And they’re off! The first hugely anticipated event of Paris Fashion Week finally occurred and the industry, which seemed to have been holding its collective breath since the start of the season, finally exhaled.
Raf Simons’ debut ready-to-wear collection for Christian Dior was a continuation of his couture show last July: a meshing of Dior past and future in a finely woven gauntlet thrown down before the minimalism that has been marching through the fashion world. (Minimalism, in a bit of intra-designer politics, is at the core of his old brand, Jil Sander, where the return of the house’s founder led to his being ousted in February.)
With these clothes Simons was, in effect, proving you don’t have to boil lushness away to find the essence of a garment or to be able to move freely in the world.
This was overt, in a statement that described the show as “breaking through the notion of ‘anti-sex’ attached to the restriction of minimalism . . . an embracing of the sexual, emotional, sensual and feminine.”
And it was covert, in clothes that married cool functionality to traditional extravagance in a meeting of equals.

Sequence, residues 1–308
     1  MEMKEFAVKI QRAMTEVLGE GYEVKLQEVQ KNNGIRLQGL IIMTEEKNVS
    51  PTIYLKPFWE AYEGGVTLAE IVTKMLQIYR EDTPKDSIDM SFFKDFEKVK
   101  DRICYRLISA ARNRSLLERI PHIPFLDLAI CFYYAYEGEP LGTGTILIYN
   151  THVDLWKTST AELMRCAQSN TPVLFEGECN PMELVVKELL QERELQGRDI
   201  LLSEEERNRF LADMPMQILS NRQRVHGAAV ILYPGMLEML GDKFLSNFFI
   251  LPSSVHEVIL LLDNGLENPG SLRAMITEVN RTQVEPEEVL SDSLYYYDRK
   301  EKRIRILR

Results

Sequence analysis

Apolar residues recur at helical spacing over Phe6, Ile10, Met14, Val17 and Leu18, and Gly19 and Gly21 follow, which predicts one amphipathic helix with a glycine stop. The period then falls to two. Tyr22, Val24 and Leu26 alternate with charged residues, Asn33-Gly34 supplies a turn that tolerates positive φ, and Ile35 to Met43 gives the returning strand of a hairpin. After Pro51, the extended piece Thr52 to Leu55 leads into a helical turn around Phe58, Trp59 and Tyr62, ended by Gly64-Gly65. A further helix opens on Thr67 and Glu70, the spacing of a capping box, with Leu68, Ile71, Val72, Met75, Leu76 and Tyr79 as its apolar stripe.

So a classic Dior-moulded hip “Bar” jacket over skinny trousers became a mini tuxedo dress, the curves ever more exaggerated, and then lost its shoulders and sleeves to go strapless; elaborately draped iridescent organza “truncated ball gowns” with their skirts cut off were worn with black shorts; and grey wool coatdresses had shiny pleats inserted here and there, just to undermine expectations.
In the end, a series of rose print duchesse ball skirts were teamed with very thin black silk cashmere leotard tops.
The latter is a look Simons has shown before, which doesn’t make it any less appealing. Still, maybe next season he’ll have another idea. And if things went a bit wobbly in the middle (which they did) with fluorescent sheeny trapeze dresses that were more luridly disco than subversively demure, as a whole the collection felt relevant, a meaningful achievement for a couture house these recessionary days, when the point of the aesthetic form is perennially called into question.
In those clothes, those girls could motor. Vroom.